Rod Dreher

Try as I might — and I have tried, a little — I can’t stomach the idea of drinking the fermented, bacteria-rich tea called kombucha. According to The New York Times, I am well behind the foodie curve. Excerpt:

To make kombucha, brewers rely on what’s called a starter — a bit of already fermented tea–passed between makers and referred to reverentially as “the mother.” Once the mother is added to sweetened tea and allowed to sit in a glass jar unrefrigerated for 7 to 14 days, a glop known as a symbiotic colony of bacteria and yeast grows over the surface.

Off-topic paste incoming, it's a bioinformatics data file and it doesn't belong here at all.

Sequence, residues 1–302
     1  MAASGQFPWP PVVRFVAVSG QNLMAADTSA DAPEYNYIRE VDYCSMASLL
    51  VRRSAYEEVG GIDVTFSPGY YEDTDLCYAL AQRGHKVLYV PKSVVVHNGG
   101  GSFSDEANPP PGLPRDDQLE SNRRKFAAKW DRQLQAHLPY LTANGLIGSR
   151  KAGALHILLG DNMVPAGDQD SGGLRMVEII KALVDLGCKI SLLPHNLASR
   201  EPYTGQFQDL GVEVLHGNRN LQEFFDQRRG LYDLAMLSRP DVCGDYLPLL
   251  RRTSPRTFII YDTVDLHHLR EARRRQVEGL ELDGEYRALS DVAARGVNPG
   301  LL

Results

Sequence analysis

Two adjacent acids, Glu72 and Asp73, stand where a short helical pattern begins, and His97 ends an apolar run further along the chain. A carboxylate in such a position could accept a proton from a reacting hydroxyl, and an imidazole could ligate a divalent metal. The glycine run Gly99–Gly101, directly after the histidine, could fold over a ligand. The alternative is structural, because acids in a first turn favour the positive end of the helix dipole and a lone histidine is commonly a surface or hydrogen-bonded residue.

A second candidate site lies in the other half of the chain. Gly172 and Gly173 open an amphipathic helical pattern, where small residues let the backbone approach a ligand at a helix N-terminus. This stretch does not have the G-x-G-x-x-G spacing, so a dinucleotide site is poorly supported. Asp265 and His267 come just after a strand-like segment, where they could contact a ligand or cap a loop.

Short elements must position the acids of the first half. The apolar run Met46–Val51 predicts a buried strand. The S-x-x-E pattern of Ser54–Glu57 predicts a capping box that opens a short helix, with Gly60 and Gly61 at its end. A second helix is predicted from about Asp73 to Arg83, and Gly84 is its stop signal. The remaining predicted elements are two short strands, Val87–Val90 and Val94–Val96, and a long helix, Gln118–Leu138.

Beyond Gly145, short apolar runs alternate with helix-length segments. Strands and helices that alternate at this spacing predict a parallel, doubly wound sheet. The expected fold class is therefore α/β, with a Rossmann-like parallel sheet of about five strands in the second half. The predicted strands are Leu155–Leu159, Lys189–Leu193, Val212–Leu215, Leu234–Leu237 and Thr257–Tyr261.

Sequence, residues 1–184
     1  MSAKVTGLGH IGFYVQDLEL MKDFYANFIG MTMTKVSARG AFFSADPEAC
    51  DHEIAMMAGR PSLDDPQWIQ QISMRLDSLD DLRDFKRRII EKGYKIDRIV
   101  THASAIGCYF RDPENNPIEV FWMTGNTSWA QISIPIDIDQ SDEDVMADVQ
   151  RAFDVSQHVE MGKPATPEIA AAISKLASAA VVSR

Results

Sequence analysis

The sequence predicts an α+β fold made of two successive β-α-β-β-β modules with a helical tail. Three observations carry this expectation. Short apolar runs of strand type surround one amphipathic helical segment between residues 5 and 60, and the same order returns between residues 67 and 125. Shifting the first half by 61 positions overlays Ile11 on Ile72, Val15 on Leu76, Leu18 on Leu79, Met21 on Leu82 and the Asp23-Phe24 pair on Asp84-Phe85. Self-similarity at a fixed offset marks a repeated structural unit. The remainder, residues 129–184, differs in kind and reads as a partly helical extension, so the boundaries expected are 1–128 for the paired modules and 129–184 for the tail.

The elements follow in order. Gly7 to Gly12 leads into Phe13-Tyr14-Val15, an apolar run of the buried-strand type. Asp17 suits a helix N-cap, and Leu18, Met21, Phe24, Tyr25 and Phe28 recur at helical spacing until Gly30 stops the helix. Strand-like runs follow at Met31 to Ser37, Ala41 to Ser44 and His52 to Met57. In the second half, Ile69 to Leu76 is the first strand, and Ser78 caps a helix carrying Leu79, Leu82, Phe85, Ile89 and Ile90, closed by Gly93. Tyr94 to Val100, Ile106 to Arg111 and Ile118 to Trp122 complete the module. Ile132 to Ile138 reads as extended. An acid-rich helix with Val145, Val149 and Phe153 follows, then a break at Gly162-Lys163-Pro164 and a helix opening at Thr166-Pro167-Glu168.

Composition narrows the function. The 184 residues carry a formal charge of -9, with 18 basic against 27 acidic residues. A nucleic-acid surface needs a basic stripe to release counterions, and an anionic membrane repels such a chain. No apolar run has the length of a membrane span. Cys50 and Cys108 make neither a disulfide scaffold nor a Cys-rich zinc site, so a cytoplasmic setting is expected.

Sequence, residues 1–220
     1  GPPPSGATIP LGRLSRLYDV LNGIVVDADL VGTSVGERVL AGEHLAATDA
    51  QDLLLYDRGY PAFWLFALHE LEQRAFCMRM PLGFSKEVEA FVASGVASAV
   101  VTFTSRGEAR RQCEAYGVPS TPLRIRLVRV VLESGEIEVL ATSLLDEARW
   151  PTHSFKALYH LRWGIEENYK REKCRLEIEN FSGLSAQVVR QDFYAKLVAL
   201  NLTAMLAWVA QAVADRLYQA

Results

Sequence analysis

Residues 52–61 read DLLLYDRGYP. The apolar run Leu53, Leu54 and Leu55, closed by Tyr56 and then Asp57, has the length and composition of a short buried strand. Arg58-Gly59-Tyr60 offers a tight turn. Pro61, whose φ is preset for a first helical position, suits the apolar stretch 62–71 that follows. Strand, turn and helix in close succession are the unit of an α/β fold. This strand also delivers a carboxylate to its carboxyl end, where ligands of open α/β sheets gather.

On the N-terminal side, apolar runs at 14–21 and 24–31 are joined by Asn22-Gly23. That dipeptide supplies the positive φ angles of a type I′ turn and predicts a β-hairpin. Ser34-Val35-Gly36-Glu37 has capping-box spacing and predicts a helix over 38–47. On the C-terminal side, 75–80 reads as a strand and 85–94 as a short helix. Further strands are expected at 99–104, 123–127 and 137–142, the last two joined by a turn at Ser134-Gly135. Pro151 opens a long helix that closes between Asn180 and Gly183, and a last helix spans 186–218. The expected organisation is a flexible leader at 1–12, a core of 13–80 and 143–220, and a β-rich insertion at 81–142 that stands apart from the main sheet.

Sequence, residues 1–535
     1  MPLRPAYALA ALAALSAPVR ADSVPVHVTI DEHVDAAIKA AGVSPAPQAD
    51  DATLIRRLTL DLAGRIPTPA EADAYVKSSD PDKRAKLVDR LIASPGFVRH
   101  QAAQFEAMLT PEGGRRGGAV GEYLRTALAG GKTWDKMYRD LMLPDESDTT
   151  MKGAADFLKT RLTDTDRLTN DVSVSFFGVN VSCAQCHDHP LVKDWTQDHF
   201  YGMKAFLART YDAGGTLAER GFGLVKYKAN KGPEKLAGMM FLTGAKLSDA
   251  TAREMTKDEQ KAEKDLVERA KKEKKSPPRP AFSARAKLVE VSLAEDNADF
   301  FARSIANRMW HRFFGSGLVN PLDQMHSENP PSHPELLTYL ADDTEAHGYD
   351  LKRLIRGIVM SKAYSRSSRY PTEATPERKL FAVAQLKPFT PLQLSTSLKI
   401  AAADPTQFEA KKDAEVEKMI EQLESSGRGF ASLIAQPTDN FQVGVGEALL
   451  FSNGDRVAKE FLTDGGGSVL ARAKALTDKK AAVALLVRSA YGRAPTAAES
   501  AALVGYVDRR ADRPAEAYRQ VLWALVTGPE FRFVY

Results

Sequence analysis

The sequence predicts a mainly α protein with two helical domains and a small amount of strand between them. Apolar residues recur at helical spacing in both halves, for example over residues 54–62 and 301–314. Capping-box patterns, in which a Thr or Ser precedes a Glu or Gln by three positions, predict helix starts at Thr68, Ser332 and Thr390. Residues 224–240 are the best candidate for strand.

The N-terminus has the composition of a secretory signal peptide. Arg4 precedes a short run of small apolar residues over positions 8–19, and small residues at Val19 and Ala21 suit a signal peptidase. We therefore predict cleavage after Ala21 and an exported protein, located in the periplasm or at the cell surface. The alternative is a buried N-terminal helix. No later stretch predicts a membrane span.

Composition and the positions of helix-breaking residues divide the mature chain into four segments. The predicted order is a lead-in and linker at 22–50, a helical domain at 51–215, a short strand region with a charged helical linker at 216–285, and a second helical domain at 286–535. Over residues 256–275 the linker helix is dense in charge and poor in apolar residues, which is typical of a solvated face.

This “mother” will expand and split into smaller patties called “babies,” which brewers often give to friends or sell online. “I have kombucha babies available in several different types of tea (pu-erh, oolong, white tea, some others),” reads a post by Ms. Most on the Kombucha Exchange, an online forum catering to kombucha brewers worldwide who want to exchange recipes, fermentation techniques and viscous offspring.

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